AC: It’s a 14-week cycle. For the core program, it’s three 14-week cycles; the students actually get 12 weeks in class, there’s a break week in the middle, and there’s a week of placement testing and orientation at the beginning. A full week is 22 hours of in-class time. We also run a 5-week summer program and other shorter, tailored, customized programs.

IEPN: Where do your students come from, mostly?

AC: Like most schools, we are working hard to be a diverse community. In fact, I put forward the notion of a “Diversity Index,” which is the relationship between the number of students we have and the number of nationalities they represent. The good news is that as our enrollment has gone down, our diversity has increased.

The main sending countries, on the whole, are China, Japan, and South Korea. However, each year about 35 countries are represented by our students. But, we are vulnerable in the sense that as many as two-thirds of our students come from three or four countries.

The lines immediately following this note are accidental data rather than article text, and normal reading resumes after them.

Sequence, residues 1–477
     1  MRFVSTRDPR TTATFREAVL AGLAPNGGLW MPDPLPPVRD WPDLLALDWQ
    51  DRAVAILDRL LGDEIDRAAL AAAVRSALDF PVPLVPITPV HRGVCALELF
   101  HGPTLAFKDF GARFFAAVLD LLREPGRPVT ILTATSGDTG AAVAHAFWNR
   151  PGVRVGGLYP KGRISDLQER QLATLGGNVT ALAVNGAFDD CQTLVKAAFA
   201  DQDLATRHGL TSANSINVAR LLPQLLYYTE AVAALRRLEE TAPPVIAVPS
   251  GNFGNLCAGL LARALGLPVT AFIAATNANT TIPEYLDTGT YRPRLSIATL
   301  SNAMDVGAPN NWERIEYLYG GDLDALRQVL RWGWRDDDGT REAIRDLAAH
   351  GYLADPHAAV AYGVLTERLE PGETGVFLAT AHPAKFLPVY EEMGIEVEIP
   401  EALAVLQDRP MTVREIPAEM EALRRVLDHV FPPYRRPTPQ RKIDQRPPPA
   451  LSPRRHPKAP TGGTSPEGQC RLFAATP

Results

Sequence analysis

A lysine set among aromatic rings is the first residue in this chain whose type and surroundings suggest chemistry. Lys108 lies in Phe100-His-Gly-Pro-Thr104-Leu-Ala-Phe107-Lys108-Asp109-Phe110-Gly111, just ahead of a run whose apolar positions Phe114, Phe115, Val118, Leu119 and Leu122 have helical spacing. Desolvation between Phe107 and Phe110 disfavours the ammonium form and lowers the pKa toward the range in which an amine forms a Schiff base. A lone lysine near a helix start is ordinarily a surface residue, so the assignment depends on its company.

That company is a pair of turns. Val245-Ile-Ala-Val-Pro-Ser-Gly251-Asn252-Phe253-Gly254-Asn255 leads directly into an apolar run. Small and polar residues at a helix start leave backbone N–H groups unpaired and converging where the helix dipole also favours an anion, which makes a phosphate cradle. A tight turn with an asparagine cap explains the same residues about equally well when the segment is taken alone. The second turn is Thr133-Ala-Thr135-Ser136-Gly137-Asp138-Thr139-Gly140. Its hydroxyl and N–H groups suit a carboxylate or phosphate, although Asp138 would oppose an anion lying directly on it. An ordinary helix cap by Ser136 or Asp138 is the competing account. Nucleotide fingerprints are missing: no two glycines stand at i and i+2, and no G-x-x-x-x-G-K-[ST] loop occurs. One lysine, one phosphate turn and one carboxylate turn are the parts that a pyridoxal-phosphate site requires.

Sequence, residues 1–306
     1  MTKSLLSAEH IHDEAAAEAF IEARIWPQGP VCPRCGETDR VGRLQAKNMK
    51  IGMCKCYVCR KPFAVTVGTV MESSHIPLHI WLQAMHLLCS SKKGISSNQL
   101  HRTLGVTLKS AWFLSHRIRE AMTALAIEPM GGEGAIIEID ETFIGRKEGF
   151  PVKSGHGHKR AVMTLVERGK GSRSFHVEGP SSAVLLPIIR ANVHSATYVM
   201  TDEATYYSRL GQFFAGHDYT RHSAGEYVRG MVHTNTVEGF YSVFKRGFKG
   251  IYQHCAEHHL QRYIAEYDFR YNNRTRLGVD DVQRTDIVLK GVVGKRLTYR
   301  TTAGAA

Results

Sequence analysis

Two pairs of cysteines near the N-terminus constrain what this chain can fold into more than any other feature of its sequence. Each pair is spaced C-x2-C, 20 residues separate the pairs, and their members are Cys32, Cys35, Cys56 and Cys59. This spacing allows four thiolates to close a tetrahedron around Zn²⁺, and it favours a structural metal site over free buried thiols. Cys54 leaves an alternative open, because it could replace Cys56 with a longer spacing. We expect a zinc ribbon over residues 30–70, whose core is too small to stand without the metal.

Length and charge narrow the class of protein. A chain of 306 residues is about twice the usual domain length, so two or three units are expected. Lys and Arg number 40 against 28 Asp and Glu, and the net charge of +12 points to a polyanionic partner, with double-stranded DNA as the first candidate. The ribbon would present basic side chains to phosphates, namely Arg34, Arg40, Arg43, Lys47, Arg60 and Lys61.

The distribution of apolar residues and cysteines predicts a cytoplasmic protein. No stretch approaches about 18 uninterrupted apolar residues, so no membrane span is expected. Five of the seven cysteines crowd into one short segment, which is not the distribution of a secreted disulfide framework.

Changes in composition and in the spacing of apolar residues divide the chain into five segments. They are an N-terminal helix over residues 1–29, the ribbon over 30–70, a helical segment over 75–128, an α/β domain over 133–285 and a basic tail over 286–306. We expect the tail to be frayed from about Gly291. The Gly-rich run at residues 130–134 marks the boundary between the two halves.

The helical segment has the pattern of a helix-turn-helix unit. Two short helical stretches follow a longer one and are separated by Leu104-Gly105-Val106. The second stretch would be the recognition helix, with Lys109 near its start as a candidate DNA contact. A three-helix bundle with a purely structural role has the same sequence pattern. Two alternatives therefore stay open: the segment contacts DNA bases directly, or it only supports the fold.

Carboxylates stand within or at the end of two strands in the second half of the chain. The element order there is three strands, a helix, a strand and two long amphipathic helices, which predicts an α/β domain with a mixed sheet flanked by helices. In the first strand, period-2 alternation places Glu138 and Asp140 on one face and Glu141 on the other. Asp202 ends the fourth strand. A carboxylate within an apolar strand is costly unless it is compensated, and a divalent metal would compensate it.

IEPN: Yes. I suppose you worry about financial crises and that sort of thing.

AC: Not just financial crises but any kind of sudden, negative development. If the Nikkei drops, soon after that, we see a drop in our Japanese enrollment. We are very closely connected to the daily economic, social, and political lives of these countries. If the Yen shifts against the U.S. dollar, we feel the effect. It’s like being a kind of socioeconomic-educational barometer for those countries.

IEPN: What are you trying to do to diversify?

AC: One of our many initiatives has been an expensive, long and labored complete redesign of our Web site. It now has more information in more languages and is easier to find and to navigate. That will certainly help. One of the things that I helped to establish when I arrived was a new kind of scholarship program. Now, that was a tough sell. My dean said, “Okay. You guys get no university funding at all, but you want to give money away. Why?” But, we have established a scholarship program that has enabled us to provide funding for students from places like Afghanistan, Iran, Venezuela, and other countries who would generally not be able to afford a program inCanada, the United States, or the United Kingdom, which has helped increased our Diversity Index.